We’ve all seen this picture, right? “Life begins outside your comfort zone,” etc. And man, that’s totally true. But I want to present another side of things today – not staying in your comfort zone, but instead…
The intense benefit of making yourself physically comfortable during challenging situations.
So this idea that we need to push ourselves, to step outside our comfort zones and try new scary things, is absolutely correct. And that process is probably going to be, by default, exciting and intense. It might produce some anxiety, or a wash of other emotions. (Feelings soup.)
But it doesn’t have to suck.
We have this messed up idea that “leaving our comfort zones” means that we have to be miserable the whole time it’s happening, as if suffering lends virtue to the learning process. Untrue!
A few years ago, I was working at a dance studio and having a very challenging conversation with my boss. She and I were not on the same page at all, and we were both genuinely trying to make things better, but it wasn’t going very well.
After about forty minutes of frustration, we agreed to take a break and re-convene. I walked into another part of the studio, blowing into my cupped hands and searching for a sweater, because the room we had been using for our meeting was the temperature of a walk-in meat locker. I was freezing!
I ran into my partner, and he said, “How’s it going?”
“Kind of like crap,” I said. “Plus I’m a ice cube. That room sucks.”
“Why don’t you take a space heater with you when you go back in?” he asked. “I bet [your boss] is cold, too. You guys will probably get further if you’re comfy.”
So I dragged a little electric space heater in, set it up, and within about ten minutes, we were able to resolve matters and move forward with energy that was about twenty degrees warmer (in temperature and in spirit).
Thus I learned my first and most important lesson about comfort zones: Push yourself, be better, all the time. But get comfy in your own body.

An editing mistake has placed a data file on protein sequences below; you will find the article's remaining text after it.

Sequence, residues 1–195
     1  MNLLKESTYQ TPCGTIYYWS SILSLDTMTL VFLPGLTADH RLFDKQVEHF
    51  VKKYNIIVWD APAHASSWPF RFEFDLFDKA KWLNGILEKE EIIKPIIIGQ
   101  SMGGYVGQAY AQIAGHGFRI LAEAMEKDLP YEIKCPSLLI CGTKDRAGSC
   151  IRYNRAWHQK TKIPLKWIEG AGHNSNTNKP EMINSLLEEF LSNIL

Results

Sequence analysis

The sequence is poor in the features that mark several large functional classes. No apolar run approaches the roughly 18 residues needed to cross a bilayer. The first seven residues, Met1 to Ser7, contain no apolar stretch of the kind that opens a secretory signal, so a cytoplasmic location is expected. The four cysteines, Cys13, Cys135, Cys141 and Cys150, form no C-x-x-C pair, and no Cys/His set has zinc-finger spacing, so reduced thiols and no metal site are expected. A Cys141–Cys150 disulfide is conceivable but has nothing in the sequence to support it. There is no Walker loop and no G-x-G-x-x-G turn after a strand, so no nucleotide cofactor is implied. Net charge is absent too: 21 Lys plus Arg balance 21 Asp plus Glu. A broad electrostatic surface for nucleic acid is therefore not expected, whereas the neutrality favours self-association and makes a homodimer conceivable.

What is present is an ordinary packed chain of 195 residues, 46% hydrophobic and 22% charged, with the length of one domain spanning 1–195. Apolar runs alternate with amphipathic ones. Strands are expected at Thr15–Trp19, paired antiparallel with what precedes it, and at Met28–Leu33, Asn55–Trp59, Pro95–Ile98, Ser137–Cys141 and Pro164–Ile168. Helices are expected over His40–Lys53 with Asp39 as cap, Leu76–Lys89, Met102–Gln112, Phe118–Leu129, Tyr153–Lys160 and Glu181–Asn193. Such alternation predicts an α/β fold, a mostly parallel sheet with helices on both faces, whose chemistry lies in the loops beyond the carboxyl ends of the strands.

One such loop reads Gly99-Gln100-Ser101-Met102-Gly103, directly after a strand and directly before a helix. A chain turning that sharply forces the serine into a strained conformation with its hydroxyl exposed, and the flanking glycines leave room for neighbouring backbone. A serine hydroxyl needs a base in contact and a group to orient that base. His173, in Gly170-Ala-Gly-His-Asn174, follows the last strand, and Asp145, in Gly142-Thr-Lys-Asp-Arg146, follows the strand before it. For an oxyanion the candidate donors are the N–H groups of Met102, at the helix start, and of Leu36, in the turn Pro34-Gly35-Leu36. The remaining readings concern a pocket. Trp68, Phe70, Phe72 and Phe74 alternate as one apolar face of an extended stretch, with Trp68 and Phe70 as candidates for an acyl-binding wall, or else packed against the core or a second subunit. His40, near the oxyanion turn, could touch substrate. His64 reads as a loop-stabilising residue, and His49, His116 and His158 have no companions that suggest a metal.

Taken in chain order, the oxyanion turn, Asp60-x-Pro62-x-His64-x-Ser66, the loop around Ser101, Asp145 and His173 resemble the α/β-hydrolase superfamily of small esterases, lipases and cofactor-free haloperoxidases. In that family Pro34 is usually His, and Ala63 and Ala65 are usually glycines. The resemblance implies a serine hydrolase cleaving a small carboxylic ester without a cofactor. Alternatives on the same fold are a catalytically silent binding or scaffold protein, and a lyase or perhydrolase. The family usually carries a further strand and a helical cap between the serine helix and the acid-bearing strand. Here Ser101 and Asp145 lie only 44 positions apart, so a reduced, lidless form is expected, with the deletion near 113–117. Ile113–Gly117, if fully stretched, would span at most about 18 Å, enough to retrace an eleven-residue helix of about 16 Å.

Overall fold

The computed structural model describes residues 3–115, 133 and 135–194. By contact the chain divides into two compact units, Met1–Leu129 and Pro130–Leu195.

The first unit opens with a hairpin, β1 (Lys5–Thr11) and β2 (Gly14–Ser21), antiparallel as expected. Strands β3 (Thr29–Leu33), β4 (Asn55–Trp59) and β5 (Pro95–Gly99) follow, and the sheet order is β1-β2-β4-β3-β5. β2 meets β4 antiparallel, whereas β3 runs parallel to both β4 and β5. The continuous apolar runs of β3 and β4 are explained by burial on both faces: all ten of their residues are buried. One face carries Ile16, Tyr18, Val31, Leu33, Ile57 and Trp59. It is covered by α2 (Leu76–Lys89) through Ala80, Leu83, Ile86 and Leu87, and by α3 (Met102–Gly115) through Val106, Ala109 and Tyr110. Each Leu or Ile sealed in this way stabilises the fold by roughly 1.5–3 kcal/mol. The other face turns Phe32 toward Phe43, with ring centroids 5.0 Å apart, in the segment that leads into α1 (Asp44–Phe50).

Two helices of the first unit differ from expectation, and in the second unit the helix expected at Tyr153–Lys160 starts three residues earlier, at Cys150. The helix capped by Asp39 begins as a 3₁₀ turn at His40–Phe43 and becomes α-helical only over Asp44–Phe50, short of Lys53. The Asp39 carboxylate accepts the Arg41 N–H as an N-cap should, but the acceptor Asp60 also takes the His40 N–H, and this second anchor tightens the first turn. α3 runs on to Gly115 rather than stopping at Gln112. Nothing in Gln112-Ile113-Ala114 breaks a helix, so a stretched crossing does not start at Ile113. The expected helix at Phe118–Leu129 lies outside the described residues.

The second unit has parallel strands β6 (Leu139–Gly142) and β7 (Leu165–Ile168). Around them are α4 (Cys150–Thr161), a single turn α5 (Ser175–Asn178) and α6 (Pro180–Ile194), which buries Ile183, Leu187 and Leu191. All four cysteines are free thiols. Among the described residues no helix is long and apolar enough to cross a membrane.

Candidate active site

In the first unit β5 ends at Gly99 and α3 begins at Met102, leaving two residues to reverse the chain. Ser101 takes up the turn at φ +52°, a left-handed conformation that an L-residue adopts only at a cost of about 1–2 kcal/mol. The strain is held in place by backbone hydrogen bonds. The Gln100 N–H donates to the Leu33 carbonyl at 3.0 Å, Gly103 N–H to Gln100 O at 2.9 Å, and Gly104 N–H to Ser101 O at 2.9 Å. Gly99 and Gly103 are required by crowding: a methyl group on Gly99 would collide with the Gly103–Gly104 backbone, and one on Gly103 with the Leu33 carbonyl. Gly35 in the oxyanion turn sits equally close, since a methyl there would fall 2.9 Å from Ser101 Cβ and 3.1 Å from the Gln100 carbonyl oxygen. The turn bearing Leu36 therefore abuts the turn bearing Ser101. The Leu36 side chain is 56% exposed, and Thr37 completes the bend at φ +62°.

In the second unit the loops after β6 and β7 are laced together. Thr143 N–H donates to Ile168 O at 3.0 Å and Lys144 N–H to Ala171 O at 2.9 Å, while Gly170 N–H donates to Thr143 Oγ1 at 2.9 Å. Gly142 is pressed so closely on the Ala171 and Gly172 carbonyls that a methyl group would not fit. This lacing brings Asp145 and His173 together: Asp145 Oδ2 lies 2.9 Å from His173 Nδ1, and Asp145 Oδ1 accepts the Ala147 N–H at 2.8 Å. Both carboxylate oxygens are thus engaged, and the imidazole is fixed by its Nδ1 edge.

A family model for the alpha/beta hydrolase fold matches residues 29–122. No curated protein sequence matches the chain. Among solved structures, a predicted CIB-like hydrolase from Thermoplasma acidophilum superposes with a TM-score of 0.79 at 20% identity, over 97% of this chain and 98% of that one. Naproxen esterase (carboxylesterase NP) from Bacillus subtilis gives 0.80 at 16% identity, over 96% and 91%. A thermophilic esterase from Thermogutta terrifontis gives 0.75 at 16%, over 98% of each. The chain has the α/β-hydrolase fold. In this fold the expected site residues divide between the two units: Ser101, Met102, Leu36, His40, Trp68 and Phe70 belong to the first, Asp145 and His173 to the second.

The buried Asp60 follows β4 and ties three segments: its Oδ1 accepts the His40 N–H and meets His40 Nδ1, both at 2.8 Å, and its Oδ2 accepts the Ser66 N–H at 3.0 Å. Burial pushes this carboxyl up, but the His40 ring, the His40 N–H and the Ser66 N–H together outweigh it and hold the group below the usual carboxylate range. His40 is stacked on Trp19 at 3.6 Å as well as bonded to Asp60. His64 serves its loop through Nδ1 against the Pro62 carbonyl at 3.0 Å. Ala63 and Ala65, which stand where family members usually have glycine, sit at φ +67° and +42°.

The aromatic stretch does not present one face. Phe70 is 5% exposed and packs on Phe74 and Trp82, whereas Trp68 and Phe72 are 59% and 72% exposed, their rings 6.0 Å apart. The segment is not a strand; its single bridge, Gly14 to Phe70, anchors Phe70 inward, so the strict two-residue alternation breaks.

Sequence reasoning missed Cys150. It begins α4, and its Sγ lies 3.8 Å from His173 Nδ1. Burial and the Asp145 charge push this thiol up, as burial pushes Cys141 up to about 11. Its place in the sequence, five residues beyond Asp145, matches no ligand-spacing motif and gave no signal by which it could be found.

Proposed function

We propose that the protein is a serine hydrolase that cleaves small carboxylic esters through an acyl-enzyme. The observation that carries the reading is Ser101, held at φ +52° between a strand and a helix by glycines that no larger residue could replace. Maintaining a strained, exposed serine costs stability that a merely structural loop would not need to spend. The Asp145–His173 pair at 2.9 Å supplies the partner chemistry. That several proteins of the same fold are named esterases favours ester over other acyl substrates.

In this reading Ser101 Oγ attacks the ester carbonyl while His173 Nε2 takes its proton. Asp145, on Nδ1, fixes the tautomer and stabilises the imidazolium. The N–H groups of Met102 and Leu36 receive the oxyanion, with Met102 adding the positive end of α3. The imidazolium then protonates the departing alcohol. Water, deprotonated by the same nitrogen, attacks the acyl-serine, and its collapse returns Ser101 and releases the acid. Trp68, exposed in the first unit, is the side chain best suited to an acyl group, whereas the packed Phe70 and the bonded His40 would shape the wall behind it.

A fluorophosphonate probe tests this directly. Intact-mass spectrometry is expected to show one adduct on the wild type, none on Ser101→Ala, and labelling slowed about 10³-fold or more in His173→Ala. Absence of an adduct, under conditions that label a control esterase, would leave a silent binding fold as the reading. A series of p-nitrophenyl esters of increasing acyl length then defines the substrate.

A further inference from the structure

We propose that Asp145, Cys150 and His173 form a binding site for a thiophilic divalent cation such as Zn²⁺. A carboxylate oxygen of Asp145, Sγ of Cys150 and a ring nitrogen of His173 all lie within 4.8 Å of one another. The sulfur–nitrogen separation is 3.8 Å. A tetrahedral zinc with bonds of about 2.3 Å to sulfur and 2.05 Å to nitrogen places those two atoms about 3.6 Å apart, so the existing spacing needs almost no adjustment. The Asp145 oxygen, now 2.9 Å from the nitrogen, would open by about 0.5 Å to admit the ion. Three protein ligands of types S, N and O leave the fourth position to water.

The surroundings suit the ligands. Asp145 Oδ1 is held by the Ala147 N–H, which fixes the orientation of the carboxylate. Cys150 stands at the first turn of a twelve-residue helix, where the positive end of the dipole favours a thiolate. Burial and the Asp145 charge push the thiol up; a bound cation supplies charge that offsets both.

How often do we run into this when we are learning something new in dance? I know that learning new movement can be hard, can feel weird, can be a little funky. But how different would that learning process be if I breathed deeply and continuously, if I relaxed my neck and shoulders, if I released the tension I was holding, and the fear about looking stupid or doing things wrong?
Answer: um, a bunch, actually. I have been working on it. It’s crazy how much of a difference the comfiness of your actual physical body makes. That sounds stupid and obvious until you realize how often during an average day we disconnect from our bodies and forget to feel good and move harmoniously and easily. Having a tough conversation? Learning something new? Doing something that causes you anxiety? Deliberately choose to relax. Put your body into a position, a configuration, that’s actually physically comfortable. Change your environment, if you can, to make yourself more comfy. Keep breathing (the good big deep breaths, not just “I am continuing human respiration on a technicality” breaths). It’s hard – ha! so step outside your comfort zone! zing. – but worth it.
Pushing outside of your comfort zone and growing as a human is awesome, but it’s tough sometimes. So don’t make it harder than it has to be – get comfy and see how much further you get!